Video: Franke James Interview: Canada an undemocratic country

‘Banned on the Hill’ book cover. Credit: Franke James.
By Anders Lorenzen

Franke James, a Canadian author, artist and activist, is an outright critic of Canadian Prime Minister Stephen Harper and his government for the promotion of tar sands exploitation and Canada’s anti-climate stance.

In 2011 she opened the art show ‘Banned on the Hill’ which highlighted how the Canadian government have been trying to silence her by removing her funding. I caught up with her on google hangout to find out more.

In 2011 she was supposed to have a nationwide tour with her art show, but she claims that the government intervened behind the scenes and told the non-profits not to show her art show saying “That incident, the fact they were censoring my work got me to dig and find out what the facts really were’’. She then, subsequently after having applied for the freedom of information act, received over 2000 emails relating to her. It took her a period of two years to obtain that information, a period of which she also fought back against the government to silence her by having a crowd-funded billboard campaign in Ottawa in November 2011. She said that was a neat move, because instead of swiping it under the carpet it’s out in the open where everyone can see that the government denies freedom of speech.

In a strong attack against the Canadian government, she said:

“I have got so much great support, though there is still so many Canadians that don’t understand that this is a huge problem. It’s not just me being silenced, scientists are being silenced, librarians are being silenced, first nations are being silenced. Anyone who speaks against tar sands oil are being slammed down. That’s why we need to publicise what’s happening and get it out in the open, because what the government is doing is against our democratic rights. We’re supposed to have freedom of speech right? In a democracy, you’re supposed to have many voices and they’re not all supposed to agree with each other.’’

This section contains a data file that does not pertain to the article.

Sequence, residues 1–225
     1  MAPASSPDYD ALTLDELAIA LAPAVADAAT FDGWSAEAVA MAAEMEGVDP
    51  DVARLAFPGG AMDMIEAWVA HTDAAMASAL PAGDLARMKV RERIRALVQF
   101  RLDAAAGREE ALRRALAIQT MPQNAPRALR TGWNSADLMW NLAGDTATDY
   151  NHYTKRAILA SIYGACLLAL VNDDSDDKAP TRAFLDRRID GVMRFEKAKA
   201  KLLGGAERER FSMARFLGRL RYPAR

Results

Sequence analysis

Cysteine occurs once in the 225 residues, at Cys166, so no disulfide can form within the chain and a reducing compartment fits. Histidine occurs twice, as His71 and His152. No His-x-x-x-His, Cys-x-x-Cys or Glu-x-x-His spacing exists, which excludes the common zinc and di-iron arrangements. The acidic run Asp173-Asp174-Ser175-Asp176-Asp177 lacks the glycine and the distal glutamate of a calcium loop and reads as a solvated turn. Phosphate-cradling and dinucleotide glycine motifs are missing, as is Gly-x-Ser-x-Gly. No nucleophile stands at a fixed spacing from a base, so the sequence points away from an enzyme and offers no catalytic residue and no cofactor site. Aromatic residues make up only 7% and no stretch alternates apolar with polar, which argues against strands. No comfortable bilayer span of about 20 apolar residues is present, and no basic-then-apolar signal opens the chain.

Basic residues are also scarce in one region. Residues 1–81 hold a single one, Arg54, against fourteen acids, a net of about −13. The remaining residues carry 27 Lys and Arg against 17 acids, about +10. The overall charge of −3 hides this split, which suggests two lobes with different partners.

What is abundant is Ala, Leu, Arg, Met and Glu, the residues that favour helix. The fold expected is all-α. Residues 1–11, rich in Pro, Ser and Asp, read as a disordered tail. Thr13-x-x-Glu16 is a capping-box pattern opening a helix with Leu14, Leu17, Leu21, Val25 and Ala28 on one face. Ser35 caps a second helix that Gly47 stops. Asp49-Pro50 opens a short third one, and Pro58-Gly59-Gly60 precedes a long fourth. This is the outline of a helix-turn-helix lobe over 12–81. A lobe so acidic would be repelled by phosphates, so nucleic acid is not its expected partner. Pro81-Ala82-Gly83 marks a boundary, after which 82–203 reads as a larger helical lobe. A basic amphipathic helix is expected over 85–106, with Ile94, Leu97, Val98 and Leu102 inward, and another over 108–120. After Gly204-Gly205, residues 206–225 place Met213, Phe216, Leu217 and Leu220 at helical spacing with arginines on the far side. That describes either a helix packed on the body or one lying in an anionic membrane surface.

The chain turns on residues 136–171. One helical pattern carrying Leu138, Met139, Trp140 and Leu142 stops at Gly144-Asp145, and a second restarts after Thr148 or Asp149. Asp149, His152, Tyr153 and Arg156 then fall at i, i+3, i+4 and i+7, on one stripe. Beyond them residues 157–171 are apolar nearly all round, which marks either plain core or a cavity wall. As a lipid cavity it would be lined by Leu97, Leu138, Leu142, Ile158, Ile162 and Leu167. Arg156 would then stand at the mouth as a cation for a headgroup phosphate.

Focusing on prime minister Harper she said:

“We have a prime minister running this country like it is a corporation. The Canadian citizens are employees of corporation Canada. When the employees step out of line and say something that is against the policy of that company, they get squashed down. That is wrong, Canada is not a company it’s a democracy and we got to be able to speak out. The Harper government is relying on the complacency that we won’t speak out.’’

The art show ‘Banned on The Hill’ has now turned into a book, launched by a crowdfunded campaign. On that campaign she says:

“We have already reached the initial fundraising goal of $5000, but we can do so much more. If we can double or even triple that amount I can take the message to other cities. I would like to take it to Washington. It is expensive, if there is enough funds I could go down there and speak.”

Finally Franke James said she is very keen to get as many as possible involved in the campaign and you can donate as little as $1 and help spread the campaign on social media.

You can watch the full interview here (variable quality)

Donate to Franke James here: (closes Friday 28th of June)

And keep up with her developments on her website:
Sub edited by Charlotte Paton

Categories: Canada

2 replies »

  1. Anders, Thank you for featuring my book 'Banned on the Hill' and interview on a Greener Life. This is a big help to getting the word out about the silencing of green voices by the Canadian government. We have only 65 hours left in the Indiegogo campaign. The “Do Not Talk about Climate Change: it is against government policy” posters and online ads (which went up in Ottawa in May-June) have been a hit and generated great word of mouth. Banned on the Hill has been featured in the Guardian UK, Grist Magazine, and news media across Canada. I'm hoping we'll be able to take the campaign to Washington, Vancouver or Calgary. Your post is a great push to make that happen!


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